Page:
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    Priceless!! LOL!!
     
  7. bandnerdtx

    bandnerdtx Aficionado

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    Jul 11, 2007

    I sponsor and organize Mix It Up day, which is from the Teaching Tolerance website. Basically, on one day in November (usually right before Thanksgiving), the kids sit somewhere new with someone new. The idea is that the cafeteria is a microcosm for what we see in the real world. Kids tend to isolate themselves based on a variety of stereotypes and cliques. The goal is to help them break those barriers down.

    I know there website has been mentioned many times before on this site, but it bears repeating:

    http://www.tolerance.org
     
  8. hbdb

    hbdb Rookie

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    Worm Bins! We feed our worms, make soil, and donate it to the preschool and help them plant flowers in their garden.
     
  9. uclalum

    uclalum Groupie

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    Our third unit is Heritage, and when we end the unit we have a big feast in the auditorium. The parents are invited and they bring cultural meals and we celebrate our diversity in a very positive, uplifting way.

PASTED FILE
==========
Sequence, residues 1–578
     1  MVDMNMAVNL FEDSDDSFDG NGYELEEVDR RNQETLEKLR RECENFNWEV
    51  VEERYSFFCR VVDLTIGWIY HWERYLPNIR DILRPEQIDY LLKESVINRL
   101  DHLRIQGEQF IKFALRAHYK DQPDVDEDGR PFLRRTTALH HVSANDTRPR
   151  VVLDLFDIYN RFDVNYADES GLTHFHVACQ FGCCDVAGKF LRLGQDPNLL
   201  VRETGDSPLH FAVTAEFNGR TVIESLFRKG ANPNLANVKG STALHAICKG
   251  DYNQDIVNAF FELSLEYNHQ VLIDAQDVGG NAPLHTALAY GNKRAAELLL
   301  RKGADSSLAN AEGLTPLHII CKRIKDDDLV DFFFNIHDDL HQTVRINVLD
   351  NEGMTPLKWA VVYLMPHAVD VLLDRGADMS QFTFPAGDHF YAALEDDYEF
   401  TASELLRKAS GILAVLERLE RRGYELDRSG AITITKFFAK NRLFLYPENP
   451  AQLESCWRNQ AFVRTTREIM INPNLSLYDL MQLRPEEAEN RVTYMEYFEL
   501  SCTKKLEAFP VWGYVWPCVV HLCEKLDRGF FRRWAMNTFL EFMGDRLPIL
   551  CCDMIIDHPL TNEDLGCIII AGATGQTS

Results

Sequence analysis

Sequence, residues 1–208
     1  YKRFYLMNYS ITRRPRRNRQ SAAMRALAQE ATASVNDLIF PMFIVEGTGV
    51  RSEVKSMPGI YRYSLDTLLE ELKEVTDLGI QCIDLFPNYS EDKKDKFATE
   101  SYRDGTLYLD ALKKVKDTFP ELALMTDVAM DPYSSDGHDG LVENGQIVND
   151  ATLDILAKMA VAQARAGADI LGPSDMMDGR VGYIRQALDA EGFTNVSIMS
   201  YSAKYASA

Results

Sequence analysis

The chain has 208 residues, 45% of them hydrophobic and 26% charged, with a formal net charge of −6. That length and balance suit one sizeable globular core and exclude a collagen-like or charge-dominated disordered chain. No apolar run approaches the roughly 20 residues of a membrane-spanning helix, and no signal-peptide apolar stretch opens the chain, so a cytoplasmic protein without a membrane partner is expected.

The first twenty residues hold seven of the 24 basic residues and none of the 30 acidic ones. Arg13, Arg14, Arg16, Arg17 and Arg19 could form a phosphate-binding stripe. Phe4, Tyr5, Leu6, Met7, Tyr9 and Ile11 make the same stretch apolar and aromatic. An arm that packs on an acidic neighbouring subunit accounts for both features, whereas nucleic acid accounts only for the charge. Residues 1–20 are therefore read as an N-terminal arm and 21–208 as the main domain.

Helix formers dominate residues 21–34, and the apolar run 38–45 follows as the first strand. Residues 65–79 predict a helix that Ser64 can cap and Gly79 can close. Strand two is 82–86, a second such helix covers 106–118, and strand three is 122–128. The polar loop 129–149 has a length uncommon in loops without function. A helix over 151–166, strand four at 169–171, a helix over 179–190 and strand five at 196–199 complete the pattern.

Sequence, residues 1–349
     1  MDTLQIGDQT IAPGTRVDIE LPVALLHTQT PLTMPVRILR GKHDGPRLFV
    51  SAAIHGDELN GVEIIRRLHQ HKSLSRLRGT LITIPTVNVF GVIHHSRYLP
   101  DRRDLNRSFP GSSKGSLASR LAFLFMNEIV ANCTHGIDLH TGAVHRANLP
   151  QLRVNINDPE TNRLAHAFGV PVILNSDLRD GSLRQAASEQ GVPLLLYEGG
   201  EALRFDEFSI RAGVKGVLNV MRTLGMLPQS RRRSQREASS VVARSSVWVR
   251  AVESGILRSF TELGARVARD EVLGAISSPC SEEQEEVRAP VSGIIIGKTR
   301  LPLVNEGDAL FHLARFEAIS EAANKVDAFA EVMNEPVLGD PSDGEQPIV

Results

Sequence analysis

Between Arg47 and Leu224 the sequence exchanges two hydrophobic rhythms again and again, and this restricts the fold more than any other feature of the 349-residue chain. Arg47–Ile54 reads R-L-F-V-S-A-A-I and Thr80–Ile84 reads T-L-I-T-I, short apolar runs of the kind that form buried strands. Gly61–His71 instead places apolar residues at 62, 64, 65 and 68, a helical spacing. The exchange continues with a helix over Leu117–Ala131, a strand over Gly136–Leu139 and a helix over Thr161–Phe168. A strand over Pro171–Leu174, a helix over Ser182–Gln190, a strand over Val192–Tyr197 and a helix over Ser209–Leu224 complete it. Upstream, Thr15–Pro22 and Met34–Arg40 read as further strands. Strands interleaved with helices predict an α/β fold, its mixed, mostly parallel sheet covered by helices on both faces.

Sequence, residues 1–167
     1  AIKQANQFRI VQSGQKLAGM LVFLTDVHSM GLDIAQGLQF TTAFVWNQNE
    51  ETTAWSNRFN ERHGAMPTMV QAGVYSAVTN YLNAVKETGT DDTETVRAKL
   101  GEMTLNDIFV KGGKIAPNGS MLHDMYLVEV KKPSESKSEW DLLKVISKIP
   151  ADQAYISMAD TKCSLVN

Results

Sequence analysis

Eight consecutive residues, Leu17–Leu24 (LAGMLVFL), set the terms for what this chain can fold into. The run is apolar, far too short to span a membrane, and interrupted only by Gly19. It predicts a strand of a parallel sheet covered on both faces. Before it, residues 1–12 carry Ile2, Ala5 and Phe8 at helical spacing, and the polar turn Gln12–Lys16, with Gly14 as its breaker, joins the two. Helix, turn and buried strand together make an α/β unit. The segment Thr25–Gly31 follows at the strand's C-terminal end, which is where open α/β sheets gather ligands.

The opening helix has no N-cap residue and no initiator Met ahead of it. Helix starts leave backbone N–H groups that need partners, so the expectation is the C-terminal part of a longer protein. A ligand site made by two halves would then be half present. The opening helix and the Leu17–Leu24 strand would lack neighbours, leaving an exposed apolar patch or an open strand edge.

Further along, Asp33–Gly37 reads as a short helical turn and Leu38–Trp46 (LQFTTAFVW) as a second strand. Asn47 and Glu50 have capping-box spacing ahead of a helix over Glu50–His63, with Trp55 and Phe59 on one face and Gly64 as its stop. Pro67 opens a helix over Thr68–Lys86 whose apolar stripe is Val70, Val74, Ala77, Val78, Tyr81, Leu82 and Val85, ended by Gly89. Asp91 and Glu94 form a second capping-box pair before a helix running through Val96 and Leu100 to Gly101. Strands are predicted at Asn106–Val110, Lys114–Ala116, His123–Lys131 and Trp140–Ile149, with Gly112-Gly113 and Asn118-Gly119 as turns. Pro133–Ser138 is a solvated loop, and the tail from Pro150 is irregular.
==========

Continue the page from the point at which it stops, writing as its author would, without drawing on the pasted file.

10. preggers

    preggers Rookie

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    Uclalum: I've been put in charge of Multicultural Week at my school later this year and would love to know more about your Heritage feast... Is there any chance you would be willing to share more about this event?
     
  11. BethMI

    BethMI Cohort

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    I also do a feast. I call it a FAmily Cultural Feast-right before Thanksgiving. Each kid researches where his/her family is from and then picks one country (since most are a Heinz 57 variety!) and a dish form that country. He/she gets help making the dish and brings in a taste for everyone (this way there aren't 30 burritos from one kid, but 2 or 3 cut up into at least 30 bites). They have to show the country on the map, tell what family member is from there and what the dish is. I encourage tasting, but never force it. My saying is, "If you never tried chocolate, you wouldn't know you love that!" Parents and grandparents come to help heat dishes and serve. It's been a big hit.